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Frantisek (Frank) Lichtenberk, 1945–2015: A Tribute

Frantisek (Frank) Lichtenberk, 1945–2015: A Tribute Andrew Pawley AUSTRALIAN NATIONAL UNIVERSITY Frantisek (Frank) Lichtenberk died in a train accident in Auckland on April 29, 2015, aged 69.1 During a career of forty years, he made outstanding contributions to descriptive and comparative-historical research on Oceanic languages and to linguistic theory. He was arguably the best all-round linguist to specialize in the indigenous languages of the Pacific. That's a big call, because there have been many accomplished scholars working in this field over the last 150 years, but I can think of no other who has done so many different things quite so well: productive field work, writing prodigious grammars, compiling dictionaries, doing phonological and morphosyntactic reconstruction and dialect geography, drawing culture-historical inferences from lexical reconstructions, and seeking general principles of language structure and change. His papers and books are meticulously researched, rigorously argued, and beautifully constructed. He gained a world reputation for his writings on grammatical typology and language change, which drew heavily on examples from Oceanic languages. But such was his modesty that he was often underestimated by those not familiar with the full range of his accomplishments. Frantisek Lichtenberk was born in Dubi, a small town in what is now the Czech Republic, http://www.deepdyve.com/assets/images/DeepDyve-Logo-lg.png Oceanic Linguistics University of Hawai'I Press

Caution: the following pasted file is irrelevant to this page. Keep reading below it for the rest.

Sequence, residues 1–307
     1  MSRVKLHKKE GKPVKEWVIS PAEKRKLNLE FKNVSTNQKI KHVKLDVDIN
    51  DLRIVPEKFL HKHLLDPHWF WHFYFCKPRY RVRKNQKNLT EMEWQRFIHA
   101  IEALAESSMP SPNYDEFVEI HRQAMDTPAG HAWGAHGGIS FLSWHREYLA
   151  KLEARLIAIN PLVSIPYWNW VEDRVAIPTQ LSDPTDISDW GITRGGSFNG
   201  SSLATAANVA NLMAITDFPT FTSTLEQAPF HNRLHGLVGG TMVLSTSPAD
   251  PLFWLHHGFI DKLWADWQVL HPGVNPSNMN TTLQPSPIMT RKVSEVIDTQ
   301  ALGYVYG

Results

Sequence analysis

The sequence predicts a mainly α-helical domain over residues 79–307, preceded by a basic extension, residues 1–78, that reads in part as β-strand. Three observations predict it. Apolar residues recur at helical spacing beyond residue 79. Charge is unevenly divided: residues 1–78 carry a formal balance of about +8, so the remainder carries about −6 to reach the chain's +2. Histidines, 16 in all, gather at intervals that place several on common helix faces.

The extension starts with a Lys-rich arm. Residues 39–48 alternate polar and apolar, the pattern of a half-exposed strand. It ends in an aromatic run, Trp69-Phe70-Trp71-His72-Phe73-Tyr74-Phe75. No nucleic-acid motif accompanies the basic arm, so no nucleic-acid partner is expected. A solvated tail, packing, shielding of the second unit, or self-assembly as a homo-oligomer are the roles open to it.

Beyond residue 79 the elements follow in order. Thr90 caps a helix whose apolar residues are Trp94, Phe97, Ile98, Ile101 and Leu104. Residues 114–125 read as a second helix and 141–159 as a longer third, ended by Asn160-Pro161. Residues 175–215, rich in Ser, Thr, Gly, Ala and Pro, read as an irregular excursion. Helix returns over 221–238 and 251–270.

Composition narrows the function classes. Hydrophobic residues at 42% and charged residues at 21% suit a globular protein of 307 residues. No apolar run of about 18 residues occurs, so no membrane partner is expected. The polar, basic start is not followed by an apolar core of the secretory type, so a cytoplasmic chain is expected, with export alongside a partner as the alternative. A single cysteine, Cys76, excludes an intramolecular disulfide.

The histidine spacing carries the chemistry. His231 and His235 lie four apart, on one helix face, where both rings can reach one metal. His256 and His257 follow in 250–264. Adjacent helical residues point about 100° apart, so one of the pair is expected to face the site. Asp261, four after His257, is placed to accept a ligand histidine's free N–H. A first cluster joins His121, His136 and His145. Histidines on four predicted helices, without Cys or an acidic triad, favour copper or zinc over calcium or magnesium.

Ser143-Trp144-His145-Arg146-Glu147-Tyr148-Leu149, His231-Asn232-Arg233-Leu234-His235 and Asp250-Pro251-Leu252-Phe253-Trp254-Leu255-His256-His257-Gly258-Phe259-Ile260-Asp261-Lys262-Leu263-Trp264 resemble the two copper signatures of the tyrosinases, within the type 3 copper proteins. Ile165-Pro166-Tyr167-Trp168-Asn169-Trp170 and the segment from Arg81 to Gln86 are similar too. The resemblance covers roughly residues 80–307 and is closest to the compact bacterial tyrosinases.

Frantisek (Frank) Lichtenberk, 1945–2015: A Tribute

Oceanic Linguistics , Volume 54 (2) – Nov 23, 2015

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Publisher
University of Hawai'I Press
Copyright
Copyright © 2008 University of Hawai'i Press.
ISSN
1527-9421
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Abstract

Andrew Pawley AUSTRALIAN NATIONAL UNIVERSITY Frantisek (Frank) Lichtenberk died in a train accident in Auckland on April 29, 2015, aged 69.1 During a career of forty years, he made outstanding contributions to descriptive and comparative-historical research on Oceanic languages and to linguistic theory. He was arguably the best all-round linguist to specialize in the indigenous languages of the Pacific. That's a big call, because there have been many accomplished scholars working in this field over the last 150 years, but I can think of no other who has done so many different things quite so well: productive field work, writing prodigious grammars, compiling dictionaries, doing phonological and morphosyntactic reconstruction and dialect geography, drawing culture-historical inferences from lexical reconstructions, and seeking general principles of language structure and change. His papers and books are meticulously researched, rigorously argued, and beautifully constructed. He gained a world reputation for his writings on grammatical typology and language change, which drew heavily on examples from Oceanic languages. But such was his modesty that he was often underestimated by those not familiar with the full range of his accomplishments. Frantisek Lichtenberk was born in Dubi, a small town in what is now the Czech Republic,

Journal

Oceanic LinguisticsUniversity of Hawai'I Press

Published: Nov 23, 2015

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